The first decade of robo-advisory was driven by digital — but the future?
ROBO-ADVISORS and digital wealth managers are simply algorithm-based platforms that help clients manage their investment portfolios without the involvement of a human ‘relationship manager’.
When launched in the US market more than a decade ago by companies such as Betterment (2008) and Motif (2010), robo-advisory services were groundbreaking and allowed for retail clients to get more personalized investment advice.
Slowly, given the track-record of the platforms and the transparency and low fees/commissions charged, robo-advisory services began attracting high- and ultra-high net worth (HNW and UHNW) investors as well.
When similar services made a debut in Asia a few years later, robo-advisors and digital wealth managers started becoming more mainstream.
Given their popularity with investors in Asia, banks began exploring the opportunity too, hoping to create a hybrid model where employees in the branch network could leverage in-house robo-advisory platforms to delight retail customers with tailored investment advice.
Truth be told, that hybrid model has found a lot of success in the region and in other parts of the world — but independent platforms such as Smartly, StashAway, and Syfe are quickly winning customer’s hearts in Asia, and a share of their wallet too.
Tech Wire Asia recently caught up with Syfe CEO Dhruv Arora to talk about the future of robo-advisory and wealth management.
Arora believes that one of the biggest advantages that digital wealth managers offer retail investors is a reduced barrier to entry into financial markets.
“We do this by cutting down the minimum investment amount, as opposed to traditional wealth managers and banks, which usually require a hefty portfolio.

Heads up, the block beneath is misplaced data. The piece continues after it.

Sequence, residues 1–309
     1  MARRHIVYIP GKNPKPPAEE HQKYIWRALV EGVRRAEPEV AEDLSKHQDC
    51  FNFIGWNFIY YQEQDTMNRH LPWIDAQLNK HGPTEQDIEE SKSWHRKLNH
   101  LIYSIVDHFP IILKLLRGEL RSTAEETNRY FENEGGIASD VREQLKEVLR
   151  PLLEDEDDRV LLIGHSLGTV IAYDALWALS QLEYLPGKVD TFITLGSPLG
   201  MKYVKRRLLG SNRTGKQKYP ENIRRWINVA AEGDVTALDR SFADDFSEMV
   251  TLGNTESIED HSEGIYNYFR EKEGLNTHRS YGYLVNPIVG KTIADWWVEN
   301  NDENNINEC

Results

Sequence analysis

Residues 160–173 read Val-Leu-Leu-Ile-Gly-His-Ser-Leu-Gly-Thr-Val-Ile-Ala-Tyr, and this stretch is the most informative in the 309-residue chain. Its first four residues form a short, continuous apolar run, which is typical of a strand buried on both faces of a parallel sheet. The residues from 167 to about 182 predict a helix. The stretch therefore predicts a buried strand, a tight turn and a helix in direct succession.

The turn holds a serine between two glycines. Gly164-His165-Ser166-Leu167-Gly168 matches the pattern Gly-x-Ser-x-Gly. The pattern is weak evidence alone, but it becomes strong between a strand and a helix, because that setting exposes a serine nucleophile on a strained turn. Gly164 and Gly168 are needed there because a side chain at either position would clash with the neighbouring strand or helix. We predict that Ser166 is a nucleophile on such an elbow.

“This opens up new doors for average individuals to access sophisticated financial and wealth planning services regardless of how much they are able to invest.”
However, in the future, Arora anticipates a shift (in the industry) towards slashing the cost of investing itself.
At the moment, for example, investors looking to buy unit trusts or investment-linked policies in Singapore’s financial markets typically end up paying two to five percent just in sales charges and exit fees.
“But changes are underway in the industry, and we will eventually move towards a future of near-zero trading commissions and brokerages, which will put power back in the hands of the consumers.”
The move is consistent across banks, trading houses, and traditional and digital wealth management platforms — so players will need to find a way to differentiate themselves in the years to come.
Syfe and some of its peers believe that the right way to delight customers in the future will be to provide an even better experience by putting the human relationship manager front and center.
“Although automation will pave the way forward, the interesting trend of robo-advisors are moving towards blending their technology with a human touch.”
At Syfe, for example, Arora has recently put together a financial advisory team, allowing consumers to consult with highly experienced wealth managers to assist with planning their financial roadmaps and address any concerns they may have.
“This plays a key role in building initial trust with consumers, and helps to accelerate the transition to digital investment platforms.”
Like Syfe, other robo-advisory and digital wealth management platforms are working on building high-touch human-centered services that delight customers and provide them with the right advice. That’s the mantra for success over the next decade.
- Migrating banking’s core to the cloud: a thorny issue no more?
- Carsome confirms layoffs after expanding its ecosystem
- TSMC warns of a price hike for its chips and Apple, its largest customer, is unhappy
- Can Grab hit the slab of profitability in 2024?
- Automotive automation – Auto transport selflessly serving the public